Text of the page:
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Leak in copper oil pipe embedded in concrete

pperlman Member Posts: 1
I have an old house with a cooper oil pipe embedded approx. 3" below the concrete floor running from the above ground oil tank to the burner, It's approx 8"-10'. Subsequently I learned we have a serious oil leak that occurred in the copper pipe. The oil went into the ground and not up through the concrete basement floor. Only after the oil company did a backflow test did they determine the leak. I really feel the oil company is at fault as they had a responsibility to inform the home owner of the potential hazard of copper pipes embedded in concrete. Knowing the issues back in the day when radiant heating was the craze, copper pipes were found to cause leaking in the concrete. From what I have been reading, the copper pipe should have allowance for "lateral thermal expansion" and/or the pipe in another tube for added protection. So i'm looking for any articles or back up on this being a problem. Any info is appreciated.


  • Zman
    Zman Member Posts: 6,565
    It sounds like you bought an old house with an old and less than ideal copper oil tube which has failed. You had the house inspected and decided to buy it in this condition.

    Now that the house you bought has sprung an expensive oil leak, you are looking blame the oil company because they have delivered oil and perhaps serviced your boiler? Am I missing something? Did the oil company install the tubing under your slab? Did they break the tube or drill a hole in it? You own the tank, tubing and boiler, correct?

    Unless your oil company claimed to have x-ray vision and gave you a written guarantee that it was good to go, I am not sure what you are thinking....
    "If you can't explain it simply, you don't understand it well enough"
    Albert Einstein
    HVACNUT Member Posts: 3,918
    It's your home and your responsibility. And if the leak is substantial then it's the oil company's responsibility to inform the EPA so I hope your homeowners insurance is paid up. If there's any recourse at all it's with the home inspector.
    Or lack of full disclosure from the seller if they knew, which would be hard to prove.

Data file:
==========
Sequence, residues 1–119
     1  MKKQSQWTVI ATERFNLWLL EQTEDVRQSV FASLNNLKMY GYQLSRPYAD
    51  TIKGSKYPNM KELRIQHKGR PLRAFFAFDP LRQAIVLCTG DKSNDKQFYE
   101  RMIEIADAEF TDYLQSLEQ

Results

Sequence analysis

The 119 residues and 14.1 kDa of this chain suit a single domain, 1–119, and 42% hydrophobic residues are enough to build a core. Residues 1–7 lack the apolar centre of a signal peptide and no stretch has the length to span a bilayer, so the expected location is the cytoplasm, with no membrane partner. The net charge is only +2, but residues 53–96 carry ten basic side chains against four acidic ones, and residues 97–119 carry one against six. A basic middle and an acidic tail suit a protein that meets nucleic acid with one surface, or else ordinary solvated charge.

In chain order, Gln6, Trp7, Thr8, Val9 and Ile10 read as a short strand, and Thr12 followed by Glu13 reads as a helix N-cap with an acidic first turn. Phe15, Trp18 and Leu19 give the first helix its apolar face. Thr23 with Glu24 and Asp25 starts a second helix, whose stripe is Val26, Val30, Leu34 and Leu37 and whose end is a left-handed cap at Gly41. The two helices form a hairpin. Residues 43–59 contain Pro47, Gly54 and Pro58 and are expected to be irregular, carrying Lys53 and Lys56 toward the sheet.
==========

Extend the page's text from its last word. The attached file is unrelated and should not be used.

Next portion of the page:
• STEVEusaPA
    STEVEusaPA Member Posts: 4,969
    Code does require an oil safety valve to prevent this very situation in a gravity supplied system. The legal question is going to be are you in a location where this may or may not have been grandfathered in. Or was any oil service tech/company who saw this required to immediately notify you of it and recommend a replacement.

    For example, if you were in MA, the oil line would've been replaced with a jacketed oil line and an OSV. A form would've been filled out and sent to the AHJ Fire Marshall.

    Also, if your home was inspected by a license home inspector and/or any local officials, they also 'should have known' (infamous legal jargon).

    So sadly for the incompetents in the industry, your attorney will be able to get you what you need.

    Also, the oil company's insurance company should be notified as they will have something to say too, and obviously would be brought into any legal action.

    I've had 2 fairly serious ones.
    -Delivery to auto fill house who removed oil tank, left fill/vent, switched to gas and didn't notify anyone.
    -Oil line froze cracked outside, but oil ran down foundation and onto basement floor.
    Both cases I called the insurance company immediately.

    First one, insurance paid to remedy. 11 gallons of oil, $45000.
    The second one the homeowner was on the hook because if the oil tank was in the basement, they would've covered it, but outside the home, they were suppose to get a supplemental insurance for it and didn't. Even though the oil was in the basement, they had to clean it up themselves.

    Best, cheapest, fastest remedy is to call the oil company and ask them to call their insurance company to clean it up. If they refuse, tell them you'll have to get a lawyer. If they are smart they will realize your way is going to cost them 10x the price over having them do it themselves or thru their insurance.

    Most large oil companies are self insured up to $1 mil just for these types of issues to avoid using their insurance company and driving up their rates. Also they can move fast (as they should with oil spills) before it becomes a major expensive mess.
  • Jamie Hall